|Design||Kamali van Bochove|
|Marijn van der Ploeg|
|Exposition||We, the people 2017|
The more we use technology, the more we tend to accept that it is here. That it keeps doing what it
does and also keeps getting better at it.
What we nowadays call a camera is in fact a collection of different software algorithms.
A picture taken with a smartphone camera isn’t just an image anymore, it’s data. This is called
Computational photography beholds a world of detection strategies and algorithmic techniques that improve or expand the possibilities of digital photography. The result is a picture that could have never been taken with a traditional camera. Looking into what has been said about these algorithms, the word ‘improve’ is often mentioned. But what does this word actually mean? And who decides what this means?
In this case the algorithm decides, but the algorithm itself can’t think: its maker on the other hand does. Just like every human being, the maker of the algorithm has its own vision on the world. That being said, it’s not unthinkable that a part of this vision gets merged into the process of making the algorithm. This is worrisome given the fact that most people expect an algorithm to be neutral, which is not possible.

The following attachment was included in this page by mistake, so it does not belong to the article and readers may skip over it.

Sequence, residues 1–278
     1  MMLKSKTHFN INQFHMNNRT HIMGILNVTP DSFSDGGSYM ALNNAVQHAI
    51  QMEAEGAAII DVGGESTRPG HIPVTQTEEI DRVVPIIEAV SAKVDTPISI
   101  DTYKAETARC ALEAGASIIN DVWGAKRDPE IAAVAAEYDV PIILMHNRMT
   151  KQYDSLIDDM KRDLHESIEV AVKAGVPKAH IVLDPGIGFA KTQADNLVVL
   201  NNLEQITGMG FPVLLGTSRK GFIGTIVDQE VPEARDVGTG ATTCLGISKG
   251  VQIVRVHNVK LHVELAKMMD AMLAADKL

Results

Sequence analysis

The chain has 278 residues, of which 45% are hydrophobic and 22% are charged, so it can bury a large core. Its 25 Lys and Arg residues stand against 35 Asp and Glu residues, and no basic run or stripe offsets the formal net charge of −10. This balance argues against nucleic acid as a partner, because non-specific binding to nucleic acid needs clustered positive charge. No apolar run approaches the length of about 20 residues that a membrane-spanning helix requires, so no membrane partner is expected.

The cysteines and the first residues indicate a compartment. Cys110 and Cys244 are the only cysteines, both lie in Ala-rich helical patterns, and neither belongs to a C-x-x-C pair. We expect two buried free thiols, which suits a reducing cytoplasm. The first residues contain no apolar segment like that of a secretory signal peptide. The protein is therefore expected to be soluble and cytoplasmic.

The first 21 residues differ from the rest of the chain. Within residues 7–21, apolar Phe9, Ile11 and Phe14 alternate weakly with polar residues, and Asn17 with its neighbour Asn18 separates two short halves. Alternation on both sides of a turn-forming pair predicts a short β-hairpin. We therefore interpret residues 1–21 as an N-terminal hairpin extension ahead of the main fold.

The idea that a daily used device makes its own decisions, isn’t transparent and is filled with visions and ideals of someone else, is somewhat scary. But what do we do with this fear? No matter how incomprehensible I find my smartphone, I still use it. And no matter how badly I want to be in control of this device, it keeps getting more advanced. We don’t have any control over what is on our pictures, what happens with them and who gets to see them.
We can try to claim back control by outsmarting the algorithm and catch it on the mistakes it makes. But how long will these mistakes last? The smartphone camera is self learning, eventually it will correct all its errors. In our work we embrace and encourage the mistakes it still makes. They could be gone by tomorrow. A farewell to bugs.
“One who is incapable of making a mistake, is incapable of anything” - Abraham Lincoln